Centre for Internet & Society

A weekly selection of news on online freedom of expression and digital technology from across India (and some parts of the world).

Delhi NCR:

Following a legal notice from Dina Nath Batra, publisher Orient BlackSwan “set aside… for the present” Communalism and Sexual Violence: Ahmedabad Since 1969 by Dr. Megha Kumar, citing the need for a “comprehensive assessment”. Dr. Kumar’s book is part of the ‘Critical Thinking on South Asia’ series, and studies communal and sexual violence in the 1969, 1985 and 2002 riots of Ahmedabad. Orient BlackSwan insists this is a pre-release assessment, while Dr. Kumar contests that her book went to print in March 2014 after extensive editing and peer review. Dina Nath Batra’s civil suit led Penguin India to withdraw Wendy Doniger’s The Hindus: An Alternative History earlier this year.

The Delhi Police’s Facebook page aimed at reaching out to Delhi residents hailing from the North East proved to be popular.


Shipbuilding engineer Devu Chodankar’s ordeal continued. Chodankar, in a statement to the cyber crime cell of the Goa police, clarified that his allegedly inflammatory statements were directed against the induction of the Sri Ram Sene’s Pramod Muthalik into the BJP. Chodankar’s laptop, hard-disk and mobile Internet dongle were seized.

Jammu & Kashmir:

Chief Minister Omar Abdullah announced the withdrawal of a four-year-old SMS ban in the state. The ban was instituted in 2010 following widespread protests, and while it was lifted for post-paid subscribers six months later, pre-paid connections were banned from SMSes until now.


In a move to contain public protests over ‘objectionable posts’ about Chhatrapati Shivaji, Dr. B.R. Ambedkar and the late Bal Thackeray (comments upon whose death led to the arrests of Shaheen Dhada and Renu Srinivasan under Section 66A), Maharashtra police will take action against even those who “like” such posts. ‘Likers’ may be charged under the Information Technology Act and the Criminal Procedure Code, say Nanded police.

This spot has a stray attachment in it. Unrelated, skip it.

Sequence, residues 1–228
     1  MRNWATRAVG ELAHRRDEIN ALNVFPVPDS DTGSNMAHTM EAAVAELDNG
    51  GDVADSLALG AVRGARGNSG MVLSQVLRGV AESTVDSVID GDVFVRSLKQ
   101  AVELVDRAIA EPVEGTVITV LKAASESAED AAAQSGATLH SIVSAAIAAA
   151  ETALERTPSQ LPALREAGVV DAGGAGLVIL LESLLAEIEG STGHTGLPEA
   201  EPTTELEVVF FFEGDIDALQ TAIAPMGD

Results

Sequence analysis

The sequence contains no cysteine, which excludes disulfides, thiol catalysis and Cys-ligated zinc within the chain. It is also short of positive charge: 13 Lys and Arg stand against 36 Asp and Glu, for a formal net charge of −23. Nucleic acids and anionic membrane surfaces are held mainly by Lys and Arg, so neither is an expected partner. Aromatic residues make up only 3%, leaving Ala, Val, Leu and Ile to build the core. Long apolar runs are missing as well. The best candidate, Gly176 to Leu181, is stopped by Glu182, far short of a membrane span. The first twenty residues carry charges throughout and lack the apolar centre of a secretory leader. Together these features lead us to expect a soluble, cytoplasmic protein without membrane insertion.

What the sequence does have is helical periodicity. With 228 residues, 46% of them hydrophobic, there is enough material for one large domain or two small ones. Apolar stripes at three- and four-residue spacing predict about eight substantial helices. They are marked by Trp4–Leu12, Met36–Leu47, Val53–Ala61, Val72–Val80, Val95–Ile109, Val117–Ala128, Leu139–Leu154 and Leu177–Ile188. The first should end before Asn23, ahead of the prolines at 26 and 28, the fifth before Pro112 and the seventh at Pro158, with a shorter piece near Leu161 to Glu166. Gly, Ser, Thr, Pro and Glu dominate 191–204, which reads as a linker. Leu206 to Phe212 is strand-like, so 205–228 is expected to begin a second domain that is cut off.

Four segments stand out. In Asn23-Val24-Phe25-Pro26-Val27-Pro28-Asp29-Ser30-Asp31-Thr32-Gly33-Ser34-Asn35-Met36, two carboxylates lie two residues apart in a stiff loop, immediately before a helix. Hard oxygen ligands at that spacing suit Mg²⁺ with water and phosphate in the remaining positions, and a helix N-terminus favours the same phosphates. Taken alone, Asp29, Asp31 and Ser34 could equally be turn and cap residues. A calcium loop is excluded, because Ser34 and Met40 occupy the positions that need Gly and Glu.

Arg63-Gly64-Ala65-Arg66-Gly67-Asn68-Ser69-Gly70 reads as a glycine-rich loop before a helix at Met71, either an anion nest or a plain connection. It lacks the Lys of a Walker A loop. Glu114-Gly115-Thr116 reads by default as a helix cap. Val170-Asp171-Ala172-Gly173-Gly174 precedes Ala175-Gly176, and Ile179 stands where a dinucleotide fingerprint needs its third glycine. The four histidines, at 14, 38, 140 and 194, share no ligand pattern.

A young Muslim man was murdered in Pune, apparently connected to the online publication of ‘derogatory’ pictures of Chhatrapati Shivaji and Bal Thackarey. Members of Hindu extremists groups celebrated his murder, it seems. Pune’s BJP MP, Anil Shirole, said, “some repercussions are natural”. Members of the Hindu Rashtra Sena were held for the murder, but it seems that the photographs were uploaded from foreign IP addresses. Across Maharashtra, 187 riotingcases have been registered against a total of 710 persons, allegedly in connection with the offensive Facebook posts.

On a lighter note, Bollywood hopes for a positive relationship with the new government on matters such as film censorship, tax breaks and piracy.

News & Opinion:

Shocking the world, Vodafone reported the existence of secret, direct-access wires that enable government surveillance on citizens. India is among 29 governments that sought access to its networks, says Vodafone.

I&B Minister Prakash Javadekar expressed his satisfaction with media industry self-regulation, and stated that while cross-media ownership is a matter for debate, it is the legality of transactions such as the Reliance-Network18 acquisition that is important.

Nikhil Pahwa of Medianama wrote of a ‘right to be forgotten’ request they received from a user in light of the recent European Court of Justice ruling. The right raises a legal dilemma in India, LiveMint reportsMedianama also comments on Maharashtra police’s decision to take action against Facebook ‘likes’, noting that at the very least, a like and a comment do not amount to the same thing.